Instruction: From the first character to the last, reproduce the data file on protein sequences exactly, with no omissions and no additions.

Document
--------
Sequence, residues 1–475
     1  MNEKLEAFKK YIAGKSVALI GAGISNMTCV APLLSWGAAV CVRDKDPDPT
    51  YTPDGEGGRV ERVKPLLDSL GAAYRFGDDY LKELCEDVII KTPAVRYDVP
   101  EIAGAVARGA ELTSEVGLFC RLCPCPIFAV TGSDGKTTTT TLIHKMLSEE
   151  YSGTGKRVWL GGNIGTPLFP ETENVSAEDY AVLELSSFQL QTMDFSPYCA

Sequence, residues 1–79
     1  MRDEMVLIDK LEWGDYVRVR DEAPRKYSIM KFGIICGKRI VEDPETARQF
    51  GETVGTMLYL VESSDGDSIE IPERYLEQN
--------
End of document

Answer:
Sequence, residues 1–475
     1  MNEKLEAFKK YIAGKSVALI GAGISNMTCV APLLSWGAAV CVRDKDPDPT
    51  YTPDGEGGRV ERVKPLLDSL GAAYRFGDDY LKELCEDVII KTPAVRYDVP
   101  EIAGAVARGA ELTSEVGLFC RLCPCPIFAV TGSDGKTTTT TLIHKMLSEE
   151  YSGTGKRVWL GGNIGTPLFP ETENVSAEDY AVLELSSFQL QTMDFSPYCA

Sequence, residues 1–79
     1  MRDEMVLIDK LEWGDYVRVR DEAPRKYSIM KFGIICGKRI VEDPETARQF
    51  GETVGTMLYL VESSDGDSIE IPERYLEQN